«When oil is no longer available in large quantities, a great deal will have to be changed in our way of life.»
Bertrand Russell Preserving the World’s Natural Resources
«Conservation, like security and justice, demands action by the state. I mean by ‘conservation’ not only the preservation of ancient monuments and beauty spots, the upkeep of roads and public utilities, and so on. These things are done at present, except in time of war. What I have chiefly in mind is the preservation of the world’s natural resources. This is a matter of enormous importance, to which very little attention has been paid.
During the past hundred and fifty years mankind has used up the raw materials of industry and the soil upon which agriculture depends, and this wasteful expenditure of natural capital has proceeded with ever-increasing velocity. In relation to industry, the most striking example is oil. The amount of accessible oil in the world is unknown, but is certainly not unlimited; already the need for it has reached the point at which there is a risk of its contributing to bringing about a third world war.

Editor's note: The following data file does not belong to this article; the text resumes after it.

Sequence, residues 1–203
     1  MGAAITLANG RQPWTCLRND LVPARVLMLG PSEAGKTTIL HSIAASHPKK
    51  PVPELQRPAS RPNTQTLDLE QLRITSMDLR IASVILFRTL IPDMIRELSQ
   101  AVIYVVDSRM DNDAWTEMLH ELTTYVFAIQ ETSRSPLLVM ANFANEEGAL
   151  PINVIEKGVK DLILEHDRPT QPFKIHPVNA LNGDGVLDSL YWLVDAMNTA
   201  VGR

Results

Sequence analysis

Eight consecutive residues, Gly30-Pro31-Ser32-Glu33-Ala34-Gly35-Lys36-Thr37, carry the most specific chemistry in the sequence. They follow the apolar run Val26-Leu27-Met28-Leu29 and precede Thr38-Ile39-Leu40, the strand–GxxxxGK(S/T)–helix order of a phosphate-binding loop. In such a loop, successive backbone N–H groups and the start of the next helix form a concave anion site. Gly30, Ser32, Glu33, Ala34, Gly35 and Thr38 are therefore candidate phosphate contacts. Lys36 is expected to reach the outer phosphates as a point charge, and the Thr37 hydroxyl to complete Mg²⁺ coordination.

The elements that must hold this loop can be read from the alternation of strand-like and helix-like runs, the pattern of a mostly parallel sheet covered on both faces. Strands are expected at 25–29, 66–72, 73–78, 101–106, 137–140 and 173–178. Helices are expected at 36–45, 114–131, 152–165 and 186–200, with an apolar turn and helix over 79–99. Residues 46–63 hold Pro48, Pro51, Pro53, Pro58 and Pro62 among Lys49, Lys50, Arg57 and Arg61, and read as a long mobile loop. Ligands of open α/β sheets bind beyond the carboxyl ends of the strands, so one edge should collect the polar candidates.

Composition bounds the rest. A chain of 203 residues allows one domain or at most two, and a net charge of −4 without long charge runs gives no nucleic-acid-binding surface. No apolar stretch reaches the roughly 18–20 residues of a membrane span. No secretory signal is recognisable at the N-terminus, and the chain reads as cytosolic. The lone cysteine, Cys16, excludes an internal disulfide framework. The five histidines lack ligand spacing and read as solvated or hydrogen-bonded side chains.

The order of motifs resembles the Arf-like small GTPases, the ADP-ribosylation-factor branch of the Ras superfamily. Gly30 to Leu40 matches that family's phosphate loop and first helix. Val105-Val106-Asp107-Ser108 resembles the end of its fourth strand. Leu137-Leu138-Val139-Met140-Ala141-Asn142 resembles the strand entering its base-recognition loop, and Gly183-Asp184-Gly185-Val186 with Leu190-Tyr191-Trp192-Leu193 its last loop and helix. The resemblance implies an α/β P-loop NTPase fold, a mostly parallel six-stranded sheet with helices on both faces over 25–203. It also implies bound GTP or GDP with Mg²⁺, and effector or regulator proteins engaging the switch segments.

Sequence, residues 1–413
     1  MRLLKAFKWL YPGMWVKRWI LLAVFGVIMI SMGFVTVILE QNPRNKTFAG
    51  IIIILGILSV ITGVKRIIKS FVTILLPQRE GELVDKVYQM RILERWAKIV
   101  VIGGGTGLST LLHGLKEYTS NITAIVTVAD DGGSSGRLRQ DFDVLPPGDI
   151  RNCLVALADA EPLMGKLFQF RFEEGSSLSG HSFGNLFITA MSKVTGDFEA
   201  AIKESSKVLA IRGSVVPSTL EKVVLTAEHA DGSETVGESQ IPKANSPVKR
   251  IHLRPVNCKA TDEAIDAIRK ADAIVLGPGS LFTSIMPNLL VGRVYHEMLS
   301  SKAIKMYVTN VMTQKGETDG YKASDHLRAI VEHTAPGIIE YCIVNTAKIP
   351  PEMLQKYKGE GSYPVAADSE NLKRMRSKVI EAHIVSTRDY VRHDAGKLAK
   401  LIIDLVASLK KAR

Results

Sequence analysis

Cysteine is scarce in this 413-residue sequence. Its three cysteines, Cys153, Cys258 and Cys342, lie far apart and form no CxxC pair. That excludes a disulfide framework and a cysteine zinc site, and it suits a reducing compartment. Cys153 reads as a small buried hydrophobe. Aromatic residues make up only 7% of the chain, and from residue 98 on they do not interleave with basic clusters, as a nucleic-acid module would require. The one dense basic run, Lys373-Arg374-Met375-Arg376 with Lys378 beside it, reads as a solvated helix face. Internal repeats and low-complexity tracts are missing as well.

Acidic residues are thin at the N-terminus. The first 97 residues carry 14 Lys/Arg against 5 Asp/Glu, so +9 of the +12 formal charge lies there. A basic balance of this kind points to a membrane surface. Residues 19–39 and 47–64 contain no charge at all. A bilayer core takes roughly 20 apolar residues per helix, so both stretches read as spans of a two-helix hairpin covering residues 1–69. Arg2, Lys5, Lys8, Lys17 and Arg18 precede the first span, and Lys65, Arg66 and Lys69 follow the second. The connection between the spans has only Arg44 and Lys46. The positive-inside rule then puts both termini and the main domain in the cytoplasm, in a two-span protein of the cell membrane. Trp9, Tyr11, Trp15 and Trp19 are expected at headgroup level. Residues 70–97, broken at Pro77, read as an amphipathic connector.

When oil is no longer available in large quantities, a great deal will have to be changed in our way of life. Industry as it exists at present depends essentially upon the expenditure of natural capital, and cannot long continue in its present prodigal fashion.»
— Bertrand Russell, The Reith Lectures, Authority and the Individual (Lecture Five), Control and Initiative: Their Respective Spheres, Preserving the World’s Natural Resources (BBC TRANSMISSION 23 January 1949)
Image: Bertrand Russell BBC Studios. The Reith Lectures is a series of annual radio lectures given by leading figures of the day, commissioned by the BBC and broadcast on BBC Radio 4 and the BBC World Service. The lectures were inaugurated in 1948 by the BBC to mark the historic contribution made to public service broadcasting by Lord Reith, the corporation’s first director-general.
The first Reith lecturer was the philosopher and Nobel laureate, Bertrand Russell.